def Astar(start,goal,dist_between,neighbor_nodes,heuristic_estimate_of_dist): closedset = set([]) # The set of nodes already evaluated. openset = set([start]) # The set of tentative nodes to be evaluated. # starts off containing initial node came_from = set([]) # The map of navigated nodes. g_score={start:0} # Distance from start along optimal path. h_score={start:heuristic_estimate_of_dist(start,goal)} f_score={start:h_score[start]} #Estimated total distance from start to goal through y. came_from={start:None} while len(openset)>0: # open set is not empty #x := the node in openset having the lowest f_score[] value bestX = None for x in openset: if bestX==None: bestX = x elif f_score[x] < f_score[bestX]: bestX = x x = bestX if x == goal: return reconstruct_path(came_from,came_from[goal]) openset.discard(x) closedset.add(x) neighbor_list = neighbor_nodes(x) for y in neighbor_nodes(x): if y in closedset: continue tentative_g_score = g_score[x] + dist_between(x,y) if y not in openset: openset.add(y) tentative_is_better = True elif tentative_g_score < g_score[y]: tentative_is_better = True else: tentative_is_better = False if tentative_is_better == True: came_from[y] = x g_score[y] = tentative_g_score h_score[y] = heuristic_estimate_of_dist(y, goal) f_score[y] = g_score[y] + h_score[y] return None def reconstruct_path(came_from, current_node): if not came_from[current_node] == None: p = reconstruct_path(came_from, came_from[current_node]) return (p + [current_node]) else: return [current_node] ##################################### if __name__=='__main__': import pylab as p graph = { '001':dict(x=1, y=0,nextList=['002','011']), # '002':dict(x=2, y=0,nextList=['001','003','012']), # '003':dict(x=3, y=0,nextList=['002','004','013']), '002':dict(x=2, y=0,nextList=['001','012']), '003':dict(x=3, y=0,nextList=['004','013']), '004':dict(x=4, y=0,nextList=['003','005','014']), '005':dict(x=5, y=0,nextList=['004','015']), '011':dict(x=1, y=1,nextList=['012','001']), '012':dict(x=2, y=1,nextList=['011','013','002']), # '013':dict(x=3, y=1,nextList=['012','014','003']), # '014':dict(x=4, y=1,nextList=['013','015','004']), '013':dict(x=3, y=1,nextList=['012','003']), '014':dict(x=4, y=1,nextList=['015','004']), '015':dict(x=5, y=1,nextList=['014','005']), } def neighbor_nodes(x): return graph[x]['nextList'] def distance_between(x,y): _x1 = graph[x]['x'] _x2 = graph[y]['x'] _y1 = graph[x]['y'] _y2 = graph[y]['y'] return ((_x1-_x2)**2+(_y1-_y2)**2)**(0.5) def drawArrow(xFrom,xTo,yFrom,yTo): length = ((xFrom-xTo)**2+(yFrom-yTo)**2)**(0.5) head_len = 0.1 head_width = 0.05 dx = ((length-head_len)/length)*(xTo-xFrom) dy = ((length-head_len)/length)*(yTo-yFrom) p.arrow(xFrom,yFrom,dx,dy, head_width=head_width,head_length=head_len) def plotGraph(graph,ax): first = True for origin in graph.keys(): for dest in graph[origin]['nextList']: xFrom = graph[origin]['x'] xTo = graph[dest]['x'] yFrom = graph[origin]['y'] yTo = graph[dest]['y'] drawArrow(xFrom,xTo,yFrom,yTo) if first: minX = xFrom maxX = xFrom minY = yFrom maxY = yFrom first = False else: minX = min(minX,xFrom) maxX = max(maxX,xFrom) minY = min(minY,yFrom) maxY = max(maxY,yFrom) p.plot([xFrom],[yFrom],'or') ax.annotate(origin, xy=(xFrom,yFrom), xycoords='data', xytext=(-50, 30), textcoords='offset points', size=20, #bbox=dict(boxstyle="round", fc="0.8"), arrowprops=dict(arrowstyle="fancy", fc="0.6", ec="none", # patchB=el, connectionstyle="angle3,angleA=0,angleB=-90"), ) #p.axis([minX-0.25,maxX+0.25,minY-0.25,maxY+0.25]) def plotRoute(route,graph): for idx,point in enumerate(route): if idx < len(route)-1: nextPoint = route[idx+1] xFrom = graph[point]['x'] xTo = graph[nextPoint]['x'] yFrom = graph[point]['y'] yTo = graph[nextPoint]['y'] p.plot([xFrom,xTo],[yFrom,yTo],'-g',lw=10,alpha=0.5,solid_capstyle='round') fig = p.figure() ax = fig.add_subplot(111, autoscale_on=False, xlim=(0,5.5), ylim=(-0.5,1.75)) route = Astar('001','015',distance_between,neighbor_nodes,distance_between) route.append('015') print route plotRoute(route,graph) plotGraph(graph,ax) print 'Done' p.show()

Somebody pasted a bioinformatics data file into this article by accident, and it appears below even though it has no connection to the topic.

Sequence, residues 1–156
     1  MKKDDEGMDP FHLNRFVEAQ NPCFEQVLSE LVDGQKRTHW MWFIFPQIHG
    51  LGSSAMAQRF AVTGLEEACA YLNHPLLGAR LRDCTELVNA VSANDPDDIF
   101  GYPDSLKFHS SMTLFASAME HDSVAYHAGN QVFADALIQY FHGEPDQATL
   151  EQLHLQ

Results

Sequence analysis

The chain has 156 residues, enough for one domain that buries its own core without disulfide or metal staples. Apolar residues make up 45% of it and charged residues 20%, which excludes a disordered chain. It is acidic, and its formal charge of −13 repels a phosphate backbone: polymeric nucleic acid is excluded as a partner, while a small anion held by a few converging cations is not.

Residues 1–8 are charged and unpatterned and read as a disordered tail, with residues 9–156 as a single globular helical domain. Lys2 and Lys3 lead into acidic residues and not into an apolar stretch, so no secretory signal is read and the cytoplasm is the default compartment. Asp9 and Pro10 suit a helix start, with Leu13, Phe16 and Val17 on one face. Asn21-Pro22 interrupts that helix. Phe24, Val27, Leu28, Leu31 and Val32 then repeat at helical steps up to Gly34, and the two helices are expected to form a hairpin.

## References:

## Tuesday, October 5, 2010

### Beta release: How to render OpenStreetMaps using Python and Matplotlib

# Introduction:

Open Street Maps is an collaboratively developed and open source map database. The entire OSM database or specific portions can be downloaded. The database includes information on roads, political boundaries, natural features, rail lines, trails, and much more. The website can generate output files with sufficient information to create custom and detailed surface street maps for many areas of the world. With Python and Matplotlib the XML data in an OpenStreetMaps OSM file can be rendered as a custom map can be rendered to meet specific needs. Below is an example of a map which can be generated from and OSM data file.

This is a small snippet of code which makes it relatively easy to see how to use the raw data from Open Street Maps. For a complete rendering examples see the Open Street Maps wiki and the pyrender source code.

# Key Concepts: